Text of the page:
When I was ordained to the ministry in 1988, I had to write a paper stating my views on a number of areas of theology—Scripture, God, Christ, Holy Spirit, Man, Salvation, Church, Future Things, Angels & Demons, Spiritual Gifts—as well as several current issues—Marriage & Divorce, Homosexuality, Abortion, Social Drinking, and the Role of Women in the Church. When I transferred my ordination to the Evangelical Free Church in 2005, I had to rewrite the paper. Since people periodically ask me questions about these areas, I think it is time to restate my convictions about what Scripture says on these issues.

Here are my convictions about what Scripture says about Homosexuality

Scripture never approves any form of sexual love within a homosexual relationship. The prohibition against homosexuality is mentioned three times in the New Testament (Romans 1:26-27; 1 Corinthians 6:9; 1 Timothy 1:10). In the Old Testament, homosexual behavior (or even the threat of it) incurs God’s judgment (Genesis 19; Leviticus 18:22; 20:13; Judges 19).

As a pastor, I must minister to the homosexual in the same way that I would to any other person; admonishing them to repent and helping them to understand homosexuality can be cured through new life in Jesus Christ (1 Corinthians 6:9-11; 2 Corinthians 5:17). (The difficulty comes in accepting them as a person apart from their problem.) I must help them to understand that repentance and conversion to Jesus Christ does not normally free one from homosexual urges, but that this orientation may continue to plague them even as a Christian. Along with the gospel’s demand for change comes the promise of strength through the Holy Spirit. As with other areas of life, it is not wrong to be tempted, but it is sin to give in to the temptation and to practice the behavior. It is only through the power of the Holy Spirit that one can practice self-control in any area.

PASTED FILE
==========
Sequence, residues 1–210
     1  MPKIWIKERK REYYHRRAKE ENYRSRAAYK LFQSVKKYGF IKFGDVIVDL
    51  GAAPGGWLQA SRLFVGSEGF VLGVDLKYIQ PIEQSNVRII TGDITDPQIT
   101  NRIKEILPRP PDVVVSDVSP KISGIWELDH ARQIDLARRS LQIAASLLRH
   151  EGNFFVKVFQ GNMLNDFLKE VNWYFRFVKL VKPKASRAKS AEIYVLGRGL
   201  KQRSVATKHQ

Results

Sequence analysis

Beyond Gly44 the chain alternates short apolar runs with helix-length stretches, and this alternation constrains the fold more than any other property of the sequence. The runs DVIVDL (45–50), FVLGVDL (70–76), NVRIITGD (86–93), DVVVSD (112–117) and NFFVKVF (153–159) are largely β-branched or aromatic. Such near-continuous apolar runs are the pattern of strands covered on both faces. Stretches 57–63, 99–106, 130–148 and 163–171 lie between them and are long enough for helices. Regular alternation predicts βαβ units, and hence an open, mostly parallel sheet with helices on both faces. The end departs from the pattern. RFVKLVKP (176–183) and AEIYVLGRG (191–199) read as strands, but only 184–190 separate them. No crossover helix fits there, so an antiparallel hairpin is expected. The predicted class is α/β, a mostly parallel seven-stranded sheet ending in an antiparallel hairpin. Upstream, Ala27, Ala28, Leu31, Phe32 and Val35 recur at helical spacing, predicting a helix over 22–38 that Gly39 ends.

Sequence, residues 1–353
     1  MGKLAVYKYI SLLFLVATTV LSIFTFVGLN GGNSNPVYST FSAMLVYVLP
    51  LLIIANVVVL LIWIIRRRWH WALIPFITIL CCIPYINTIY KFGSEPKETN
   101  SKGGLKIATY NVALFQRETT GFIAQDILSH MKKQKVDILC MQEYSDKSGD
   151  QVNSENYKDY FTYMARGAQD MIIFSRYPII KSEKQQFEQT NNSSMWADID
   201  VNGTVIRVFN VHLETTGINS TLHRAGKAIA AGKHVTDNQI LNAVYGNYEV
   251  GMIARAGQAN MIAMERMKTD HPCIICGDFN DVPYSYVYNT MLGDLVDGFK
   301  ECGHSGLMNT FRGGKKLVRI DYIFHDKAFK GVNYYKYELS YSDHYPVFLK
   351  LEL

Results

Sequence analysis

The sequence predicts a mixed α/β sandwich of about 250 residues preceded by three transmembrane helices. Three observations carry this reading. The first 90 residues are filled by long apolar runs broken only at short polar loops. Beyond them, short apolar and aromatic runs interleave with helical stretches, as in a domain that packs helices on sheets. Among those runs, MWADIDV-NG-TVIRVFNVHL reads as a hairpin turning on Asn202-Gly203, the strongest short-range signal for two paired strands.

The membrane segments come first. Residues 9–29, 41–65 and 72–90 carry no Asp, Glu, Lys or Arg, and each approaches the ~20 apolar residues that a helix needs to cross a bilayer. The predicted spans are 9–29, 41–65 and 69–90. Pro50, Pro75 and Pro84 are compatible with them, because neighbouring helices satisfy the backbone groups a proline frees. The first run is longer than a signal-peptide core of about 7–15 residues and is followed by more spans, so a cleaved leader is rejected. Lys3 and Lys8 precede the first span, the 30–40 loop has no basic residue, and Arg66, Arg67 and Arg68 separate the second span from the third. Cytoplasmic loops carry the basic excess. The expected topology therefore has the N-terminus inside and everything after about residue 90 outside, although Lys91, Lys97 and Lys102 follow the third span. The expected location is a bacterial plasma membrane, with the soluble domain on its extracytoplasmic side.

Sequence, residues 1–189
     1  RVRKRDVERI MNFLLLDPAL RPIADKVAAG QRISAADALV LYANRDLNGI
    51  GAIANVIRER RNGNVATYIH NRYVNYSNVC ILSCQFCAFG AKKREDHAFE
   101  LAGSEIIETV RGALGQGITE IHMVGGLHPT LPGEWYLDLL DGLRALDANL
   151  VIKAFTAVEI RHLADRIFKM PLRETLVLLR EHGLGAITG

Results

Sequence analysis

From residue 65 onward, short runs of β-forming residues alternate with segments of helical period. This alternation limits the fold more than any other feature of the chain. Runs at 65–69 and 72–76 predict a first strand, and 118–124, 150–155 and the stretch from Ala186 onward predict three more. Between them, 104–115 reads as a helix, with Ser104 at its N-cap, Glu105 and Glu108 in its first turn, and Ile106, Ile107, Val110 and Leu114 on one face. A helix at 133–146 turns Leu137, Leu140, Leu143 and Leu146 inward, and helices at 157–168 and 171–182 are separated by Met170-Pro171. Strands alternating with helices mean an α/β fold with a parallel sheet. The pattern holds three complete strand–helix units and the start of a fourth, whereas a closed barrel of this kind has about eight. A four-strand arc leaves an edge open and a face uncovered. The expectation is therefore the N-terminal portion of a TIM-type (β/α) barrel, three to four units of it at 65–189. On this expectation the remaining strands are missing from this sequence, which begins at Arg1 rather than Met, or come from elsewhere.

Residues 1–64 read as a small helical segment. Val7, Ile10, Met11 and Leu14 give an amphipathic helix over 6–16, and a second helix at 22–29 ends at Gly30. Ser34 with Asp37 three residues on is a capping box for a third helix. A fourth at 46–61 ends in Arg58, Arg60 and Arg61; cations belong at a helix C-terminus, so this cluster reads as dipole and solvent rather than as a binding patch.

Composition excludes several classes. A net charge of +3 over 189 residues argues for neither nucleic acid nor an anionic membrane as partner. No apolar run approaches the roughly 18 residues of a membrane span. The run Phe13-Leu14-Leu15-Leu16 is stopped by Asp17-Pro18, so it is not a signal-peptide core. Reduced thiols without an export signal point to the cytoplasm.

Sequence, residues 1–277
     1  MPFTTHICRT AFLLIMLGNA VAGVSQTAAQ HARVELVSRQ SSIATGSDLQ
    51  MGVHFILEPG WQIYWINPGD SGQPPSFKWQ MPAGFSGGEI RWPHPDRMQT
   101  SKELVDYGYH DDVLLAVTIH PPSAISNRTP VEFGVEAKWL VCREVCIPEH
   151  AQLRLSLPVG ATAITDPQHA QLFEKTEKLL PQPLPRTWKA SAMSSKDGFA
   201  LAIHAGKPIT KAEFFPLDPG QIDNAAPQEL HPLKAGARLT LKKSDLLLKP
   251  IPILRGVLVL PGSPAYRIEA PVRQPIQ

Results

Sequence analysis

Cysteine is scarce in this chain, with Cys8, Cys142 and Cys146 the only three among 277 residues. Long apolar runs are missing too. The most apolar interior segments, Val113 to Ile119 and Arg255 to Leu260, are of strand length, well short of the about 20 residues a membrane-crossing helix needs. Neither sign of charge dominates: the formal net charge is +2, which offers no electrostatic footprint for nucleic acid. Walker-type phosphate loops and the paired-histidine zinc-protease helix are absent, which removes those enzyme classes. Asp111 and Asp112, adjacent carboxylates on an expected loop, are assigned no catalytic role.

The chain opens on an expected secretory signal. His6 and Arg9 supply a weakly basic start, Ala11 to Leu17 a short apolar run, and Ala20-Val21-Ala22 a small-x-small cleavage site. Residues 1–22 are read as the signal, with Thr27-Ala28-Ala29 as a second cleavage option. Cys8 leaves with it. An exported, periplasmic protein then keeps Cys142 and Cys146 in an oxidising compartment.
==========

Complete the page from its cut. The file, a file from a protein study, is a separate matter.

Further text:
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Posted by on October 12, 2018 in Scripture, Theology

 

My Convictions About Abortion, Infanticide, and Euthansia

When I was ordained to the ministry in 1988, I had to write a paper stating my views on a number of areas of theology—Scripture, God, Christ, Holy Spirit, Man, Salvation, Church, Future Things, Angels & Demons, Spiritual Gifts—as well as several current issues—Marriage & Divorce, Homosexuality, Abortion, Social Drinking, and the Role of Women in the Church. When I transferred my ordination to the Evangelical Free Church in 2005, I had to rewrite the paper. Since people periodically ask me questions about these areas, I think it is time to restate my convictions about what Scripture says on these issues.

Here are my convictions about what Scripture says about Abortion, Infanticide, and Euthanasia

Scripture teaches that man is created in the image of God (Genesis 1:26-27), that he has a special place in God’s eyes (Psalm 8:4-8), and that human life is sacred (Genesis 9:5-7). Scripture offers abundant evidence concerning the status of the fetus. God is actively involved in the embryological process (Psalm 139:13-16; Isaiah 44:24; 49:1, 5), a sin nature is present from the moment of conception (Psalm 51:5), and we are known to him before we are ever formed in the womb (Jeremiah 1:5). In the New Testament, Luke uses the same word “brephos” of an unborn child (Luke 1:41, 44) as he later uses of the newborn baby (Luke 2:12, 16) and of the little ones whom people brought to Jesus to bless (Luke 18:15). The fetus is not a developing human, but a human with potential. Under the Mosaic Law, both the mother and the unborn child were afforded equal protection (Exodus 21:22-25).

Abortion, infanticide, and euthanasia are all a great moral evil. Since the violent taking of innocent life is murder, and since abortion and infanticide are accomplished by violent means, it is tantamount to murder. Adoption is a better solution to the social problems that find abortion an easy answer.